It’s not just about establishing who you are talking to. But, also knowing where those people are. City parks, rooftop bars, college cafeterias? In a digital sense, which communities are you likely to find your avatar? Googling your product? Checking Instagram? Posting on Facebook? Or perhaps they’re hanging out on Threads?

In a digital arena, there are so many platforms to spread awareness of your brand, but you don’t need to be everywhere. In fact Alex, our Social Media Exec and resident sax player, actively recommends that you don’t have a presence everywhere.

He says, “Time is key when looking after your digital presence, so be efficient and focus on the places where your audience will most likely find YOU. Don’t waste your time posting on LinkedIn for instance if your company doesn’t have an audience for it there. Find what communities make sense to engage with.”

Let’s use Tesla again as an example. Tesla has an official handle on Instagram. But they’re nowhere to be seen on TikTok. Why? Well, Instagram’s original and primary feature is the sharing of images. Tesla’s avatar, as we know, is ‘image conscious’ and interested in portraying themselves as forward thinking philanthropists. Instagram is a hub for self promotion and modern thinkers, and for a high flyer like the Tesla avatar, it’s the perfect online social environment to showcase their do-good, executive way of life.

TikTok, on the other hand, is perhaps not a great environment for Tesla. When considering the demographic of users who are on Tik Tok, about 50% of their users are under 30, and that’s not even close to the average age of a Tesla customer, so, why bother being there at all. No one there is listening. Save yourself the marketing budget, and don’t fire shots into the dark.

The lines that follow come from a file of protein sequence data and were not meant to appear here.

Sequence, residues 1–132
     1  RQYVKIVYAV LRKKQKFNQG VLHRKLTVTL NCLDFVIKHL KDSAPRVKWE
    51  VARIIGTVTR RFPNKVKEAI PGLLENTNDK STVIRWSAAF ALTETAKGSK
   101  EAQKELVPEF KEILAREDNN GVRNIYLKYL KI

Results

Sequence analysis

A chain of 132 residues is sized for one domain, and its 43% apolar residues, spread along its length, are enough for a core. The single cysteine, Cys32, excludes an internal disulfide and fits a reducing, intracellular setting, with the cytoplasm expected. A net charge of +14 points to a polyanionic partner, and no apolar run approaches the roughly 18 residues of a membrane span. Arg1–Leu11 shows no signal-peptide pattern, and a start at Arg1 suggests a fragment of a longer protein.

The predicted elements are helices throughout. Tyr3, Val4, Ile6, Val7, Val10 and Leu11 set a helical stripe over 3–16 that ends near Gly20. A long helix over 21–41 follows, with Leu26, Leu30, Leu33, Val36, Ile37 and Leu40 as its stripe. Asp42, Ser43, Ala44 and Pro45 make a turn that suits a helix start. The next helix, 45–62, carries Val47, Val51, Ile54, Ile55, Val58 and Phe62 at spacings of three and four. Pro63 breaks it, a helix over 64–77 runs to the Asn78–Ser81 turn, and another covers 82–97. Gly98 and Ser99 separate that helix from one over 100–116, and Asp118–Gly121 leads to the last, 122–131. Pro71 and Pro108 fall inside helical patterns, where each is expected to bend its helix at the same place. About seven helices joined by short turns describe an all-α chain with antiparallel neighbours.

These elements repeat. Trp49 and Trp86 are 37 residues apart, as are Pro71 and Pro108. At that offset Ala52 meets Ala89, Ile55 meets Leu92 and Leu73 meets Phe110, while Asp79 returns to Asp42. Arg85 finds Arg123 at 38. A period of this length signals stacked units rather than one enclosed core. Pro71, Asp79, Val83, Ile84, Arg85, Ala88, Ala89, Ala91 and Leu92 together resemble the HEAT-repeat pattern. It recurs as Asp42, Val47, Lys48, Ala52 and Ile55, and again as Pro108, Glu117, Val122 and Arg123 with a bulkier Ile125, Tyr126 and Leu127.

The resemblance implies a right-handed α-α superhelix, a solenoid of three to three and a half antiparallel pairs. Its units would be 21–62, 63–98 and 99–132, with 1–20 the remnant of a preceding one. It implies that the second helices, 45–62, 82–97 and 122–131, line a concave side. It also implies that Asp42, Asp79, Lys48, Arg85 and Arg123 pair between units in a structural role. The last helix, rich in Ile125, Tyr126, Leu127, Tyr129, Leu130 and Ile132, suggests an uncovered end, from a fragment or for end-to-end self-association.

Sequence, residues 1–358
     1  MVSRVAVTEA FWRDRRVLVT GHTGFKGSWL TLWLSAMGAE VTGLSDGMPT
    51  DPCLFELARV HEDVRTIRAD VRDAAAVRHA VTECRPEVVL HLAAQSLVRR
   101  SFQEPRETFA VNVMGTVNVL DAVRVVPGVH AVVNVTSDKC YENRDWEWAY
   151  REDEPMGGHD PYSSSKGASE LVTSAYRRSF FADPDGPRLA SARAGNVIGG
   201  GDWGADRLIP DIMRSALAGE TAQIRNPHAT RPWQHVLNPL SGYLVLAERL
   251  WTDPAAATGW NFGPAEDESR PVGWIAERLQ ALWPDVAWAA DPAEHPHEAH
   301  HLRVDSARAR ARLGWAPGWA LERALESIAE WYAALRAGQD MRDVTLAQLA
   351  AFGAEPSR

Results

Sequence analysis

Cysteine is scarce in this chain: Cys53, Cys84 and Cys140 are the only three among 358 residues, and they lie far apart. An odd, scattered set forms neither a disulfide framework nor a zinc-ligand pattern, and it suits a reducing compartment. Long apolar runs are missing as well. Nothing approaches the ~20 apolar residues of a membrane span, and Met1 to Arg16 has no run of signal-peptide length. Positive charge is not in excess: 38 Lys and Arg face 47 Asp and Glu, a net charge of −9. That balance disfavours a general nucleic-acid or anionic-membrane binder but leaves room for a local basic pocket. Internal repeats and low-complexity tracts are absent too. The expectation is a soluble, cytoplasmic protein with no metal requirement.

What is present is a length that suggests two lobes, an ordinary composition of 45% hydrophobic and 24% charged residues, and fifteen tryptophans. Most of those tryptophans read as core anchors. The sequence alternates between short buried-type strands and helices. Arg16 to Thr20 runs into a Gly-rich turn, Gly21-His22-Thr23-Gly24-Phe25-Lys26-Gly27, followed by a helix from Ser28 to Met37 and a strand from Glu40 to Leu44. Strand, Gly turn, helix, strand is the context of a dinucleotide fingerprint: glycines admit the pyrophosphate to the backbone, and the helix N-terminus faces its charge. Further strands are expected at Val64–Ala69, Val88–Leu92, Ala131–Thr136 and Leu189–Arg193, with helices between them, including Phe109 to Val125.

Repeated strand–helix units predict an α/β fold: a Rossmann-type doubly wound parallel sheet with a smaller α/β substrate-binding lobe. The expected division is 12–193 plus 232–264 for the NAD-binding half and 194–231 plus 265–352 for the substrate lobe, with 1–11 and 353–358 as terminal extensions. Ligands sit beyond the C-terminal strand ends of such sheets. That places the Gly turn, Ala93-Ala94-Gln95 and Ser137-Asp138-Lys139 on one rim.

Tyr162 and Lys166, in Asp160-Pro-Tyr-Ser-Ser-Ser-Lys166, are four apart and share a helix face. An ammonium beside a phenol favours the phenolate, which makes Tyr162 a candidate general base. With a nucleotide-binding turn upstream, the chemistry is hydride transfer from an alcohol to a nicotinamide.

And yes, we know how this sounds, we’re not ignorant to the generalisation. But hey, this is marketing, and if we cast our net out into the ocean and hope the bait we attached attracts all marine life, we’re likely going to be disappointed with the catch or worse come home with nothing. So, to make life just that little bit easier, let’s start with recognising patterns in the demographic of our audiences and their behaviour in order to connect with them. So although it feels like stereotyping, it’s important to understand this exercise isn’t designed to put people in boxes or limit our reach for that matter, but ultimately it’s about tailoring your brand strategy to make sure you catch the right fish.

Get to know who you’re targeting and get results.

Sometimes you need to strip it back, figure out your weaknesses and tackle any issues at the root.

Carrying out the exercises above should help you create a buyer persona and help you really understand what sort of people you think your company attracts. This is a great place to start, but if you get stuck or overwhelmed, we are here for you. 

So, we’re gonna ask you one more time. Who are you talking to? If you’re still not sure, and if you think your tone of voice needs a rejuvenation, then perhaps it’s time for a chat.

We’re not just SEO and design experts, first and foremost we are creative marketers that understand fully what it takes to make a business fly. Therefore, if you would like help getting underway with creating or refreshing your brand guidelines, including devising a tone of voice for your business, then give us a shout, the kettles on.